The 2013-2014 Slade Lectures will be given in the Lent Term by Professor Jessica Rawson, Professor of Chinese Art and Archaeology in the Oxford Centre for Asian Archaeology Art and Culture at the University of Oxford. She was Warden of Merton College, Oxford University 1994-2010. She currently holds a five year (2011-2016) Leverhulme Trust grant on China and Inner Asia, 1000-200 BC: Interactions that Changed China. Before moving to Oxford, Professor Rawson worked in the British Museum. At the Museum, she became Deputy Keeper of the Department of Oriental Antiquities in 1976 and Keeper of the Department in 1987. In the following years, Professor Rawson was responsible for the renovation of the Sir Joseph Hotung Gallery of Oriental Antiquities, opened by the Queen, November 1992. During her time at the British Museum, Professor Rawson organised a numerous exhibitions, among them exhibitions from China.
After moving to Oxford in 1994, Professor Rawson organised further exhibitions in London at the British Museum and the Royal Academy: Chinese Jade from the Neolithic to the Qing and Mysteries of Ancient China; China: The Three Emperors 1662-1795; Treasures of Ancient Chinese, Bronze and Jades from Shanghai. She also made major contributions to exhibitions of the Qin dynasty Terracotta Warriors at the British Museum, 2006-2007 and at the Museum of Far Eastern Antiquities at Stockholm, 2010. In addition to catalogues of these exhibitions, her books include studies of Chinese bronzes and jades- Western Zhou Ritual Bronzes from the Arthur M. Sackler Collections (1990), Chinese Jade, from the Neolithic to the Qing (1995), and discussions of Chinese ornament and design, Chinese Ornament, the Lotus and the Dragon (1984).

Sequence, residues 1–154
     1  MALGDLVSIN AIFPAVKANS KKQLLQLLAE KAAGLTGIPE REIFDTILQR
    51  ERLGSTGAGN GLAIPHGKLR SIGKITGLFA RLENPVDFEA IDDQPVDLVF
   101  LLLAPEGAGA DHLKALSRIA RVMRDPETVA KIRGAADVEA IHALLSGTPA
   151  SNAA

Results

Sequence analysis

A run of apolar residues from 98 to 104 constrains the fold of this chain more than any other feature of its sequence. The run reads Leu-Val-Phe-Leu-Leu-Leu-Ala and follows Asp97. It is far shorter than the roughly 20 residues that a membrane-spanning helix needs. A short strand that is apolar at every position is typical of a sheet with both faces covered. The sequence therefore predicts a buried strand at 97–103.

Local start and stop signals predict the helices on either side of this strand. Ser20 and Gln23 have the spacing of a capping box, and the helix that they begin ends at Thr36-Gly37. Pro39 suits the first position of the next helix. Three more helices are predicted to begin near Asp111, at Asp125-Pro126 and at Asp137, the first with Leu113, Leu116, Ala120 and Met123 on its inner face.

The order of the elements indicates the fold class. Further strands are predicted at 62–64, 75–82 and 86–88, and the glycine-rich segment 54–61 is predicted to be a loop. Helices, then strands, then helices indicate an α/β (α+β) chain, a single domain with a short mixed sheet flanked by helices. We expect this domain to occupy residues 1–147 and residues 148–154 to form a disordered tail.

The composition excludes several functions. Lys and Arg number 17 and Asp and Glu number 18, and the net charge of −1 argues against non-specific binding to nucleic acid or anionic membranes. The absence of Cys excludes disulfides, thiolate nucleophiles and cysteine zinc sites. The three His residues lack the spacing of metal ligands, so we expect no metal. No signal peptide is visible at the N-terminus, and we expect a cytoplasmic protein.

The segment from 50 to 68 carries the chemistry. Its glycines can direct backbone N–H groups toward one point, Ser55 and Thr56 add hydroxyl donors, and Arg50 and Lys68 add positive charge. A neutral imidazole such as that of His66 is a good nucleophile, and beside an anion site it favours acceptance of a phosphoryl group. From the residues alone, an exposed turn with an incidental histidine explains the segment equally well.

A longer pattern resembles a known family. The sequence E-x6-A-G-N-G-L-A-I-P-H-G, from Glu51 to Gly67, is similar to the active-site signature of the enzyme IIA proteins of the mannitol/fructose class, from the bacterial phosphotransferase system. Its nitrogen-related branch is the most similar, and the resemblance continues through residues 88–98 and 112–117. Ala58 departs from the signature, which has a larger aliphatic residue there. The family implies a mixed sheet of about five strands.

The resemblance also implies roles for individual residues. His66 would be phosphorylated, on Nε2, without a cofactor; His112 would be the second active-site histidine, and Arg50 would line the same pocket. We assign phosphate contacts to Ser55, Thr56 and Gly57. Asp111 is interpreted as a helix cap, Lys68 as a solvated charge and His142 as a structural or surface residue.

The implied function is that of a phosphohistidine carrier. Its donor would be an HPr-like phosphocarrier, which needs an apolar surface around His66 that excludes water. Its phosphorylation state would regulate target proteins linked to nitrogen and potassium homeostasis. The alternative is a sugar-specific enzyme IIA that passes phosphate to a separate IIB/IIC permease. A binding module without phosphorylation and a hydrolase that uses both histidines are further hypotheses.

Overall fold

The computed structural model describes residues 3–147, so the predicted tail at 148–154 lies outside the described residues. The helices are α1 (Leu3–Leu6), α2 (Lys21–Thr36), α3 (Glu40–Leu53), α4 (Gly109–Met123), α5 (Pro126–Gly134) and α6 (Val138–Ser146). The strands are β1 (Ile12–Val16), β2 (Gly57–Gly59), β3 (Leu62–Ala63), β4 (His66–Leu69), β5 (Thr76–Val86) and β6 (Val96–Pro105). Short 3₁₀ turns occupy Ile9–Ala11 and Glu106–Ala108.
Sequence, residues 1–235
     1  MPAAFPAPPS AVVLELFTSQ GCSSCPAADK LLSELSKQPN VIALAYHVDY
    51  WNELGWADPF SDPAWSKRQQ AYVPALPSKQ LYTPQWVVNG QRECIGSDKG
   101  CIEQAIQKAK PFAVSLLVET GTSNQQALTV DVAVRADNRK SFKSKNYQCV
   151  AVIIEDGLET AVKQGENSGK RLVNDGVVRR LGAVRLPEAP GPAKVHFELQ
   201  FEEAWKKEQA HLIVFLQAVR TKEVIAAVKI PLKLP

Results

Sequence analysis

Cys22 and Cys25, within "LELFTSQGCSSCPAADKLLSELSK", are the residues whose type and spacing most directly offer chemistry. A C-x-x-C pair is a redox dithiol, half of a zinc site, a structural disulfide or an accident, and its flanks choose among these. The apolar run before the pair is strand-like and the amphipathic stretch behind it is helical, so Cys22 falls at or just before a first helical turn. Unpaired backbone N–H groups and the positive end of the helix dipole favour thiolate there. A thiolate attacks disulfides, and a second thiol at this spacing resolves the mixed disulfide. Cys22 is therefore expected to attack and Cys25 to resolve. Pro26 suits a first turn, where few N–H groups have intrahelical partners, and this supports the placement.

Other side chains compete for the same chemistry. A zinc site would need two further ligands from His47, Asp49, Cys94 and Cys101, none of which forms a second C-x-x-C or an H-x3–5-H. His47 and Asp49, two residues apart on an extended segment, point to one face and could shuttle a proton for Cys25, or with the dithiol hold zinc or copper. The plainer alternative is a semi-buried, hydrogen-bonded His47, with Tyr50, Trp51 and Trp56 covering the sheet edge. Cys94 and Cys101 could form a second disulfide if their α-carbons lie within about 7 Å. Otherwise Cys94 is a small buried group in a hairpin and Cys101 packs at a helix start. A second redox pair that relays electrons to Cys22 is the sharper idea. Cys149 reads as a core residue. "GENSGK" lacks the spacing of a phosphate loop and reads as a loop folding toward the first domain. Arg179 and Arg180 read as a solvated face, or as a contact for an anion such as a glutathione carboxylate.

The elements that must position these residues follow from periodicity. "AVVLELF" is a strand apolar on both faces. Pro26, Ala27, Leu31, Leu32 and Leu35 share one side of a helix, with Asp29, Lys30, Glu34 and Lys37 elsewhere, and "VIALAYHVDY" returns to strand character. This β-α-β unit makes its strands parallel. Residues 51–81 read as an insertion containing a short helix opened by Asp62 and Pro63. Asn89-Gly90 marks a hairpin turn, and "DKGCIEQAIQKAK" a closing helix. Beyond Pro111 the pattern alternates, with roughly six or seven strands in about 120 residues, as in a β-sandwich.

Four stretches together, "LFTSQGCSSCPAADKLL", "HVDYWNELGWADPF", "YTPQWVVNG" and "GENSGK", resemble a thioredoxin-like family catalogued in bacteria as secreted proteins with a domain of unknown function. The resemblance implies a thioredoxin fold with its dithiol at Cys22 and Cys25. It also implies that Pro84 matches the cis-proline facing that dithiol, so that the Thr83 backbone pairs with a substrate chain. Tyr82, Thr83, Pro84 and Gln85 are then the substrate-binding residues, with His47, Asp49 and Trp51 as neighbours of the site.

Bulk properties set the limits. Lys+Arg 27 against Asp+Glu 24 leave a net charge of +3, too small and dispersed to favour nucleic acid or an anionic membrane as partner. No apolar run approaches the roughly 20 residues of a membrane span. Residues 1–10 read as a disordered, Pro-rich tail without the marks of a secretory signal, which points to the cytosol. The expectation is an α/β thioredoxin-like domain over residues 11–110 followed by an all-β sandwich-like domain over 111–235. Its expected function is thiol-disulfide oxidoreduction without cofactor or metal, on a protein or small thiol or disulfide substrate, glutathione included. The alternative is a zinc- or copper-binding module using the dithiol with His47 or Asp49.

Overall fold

The lectures will consider the ways in which China’s art and culture were transformed through contact across the steppe and along the Silk Road. Interaction with the border peoples was inevitable and created huge political and military upheavals. Warfare, trade and religious proselytization changed China, bringing with them metallurgy, the chariot, sculpture and stone. But the ancient Chinese adopted these outside contributions in new ways. They made magnificent bronze vessels for offerings to their ancestors, but few fine bronze weapons; they worked on a huge scale in creating chariots as ritual gifts from the king. And the same massive scale was employed for the production of the Terracotta Warriors. Full-sized sculpture in stone and bronze only took off with the introduction of Buddhism across Central Asia from the fourth century AD. And the success of Buddhism was dependent on the foreign rulers of north China. Indeed, even with the reunification of China under the Tang in the seventh century, the imperial house maintained close relations with their neighbours, the Turkish peoples of the steppe, and created a hybrid culture drawn from native Chinese and foreign traditions. As the northern peoples became all the more powerful and overwhelmed China in later centuries, Chinese’s inventions travelled west, above all guns and gunpowder, porcelain and paper, expanding Warfare, Beauty and Belief in Central and Western Asia and in Europe.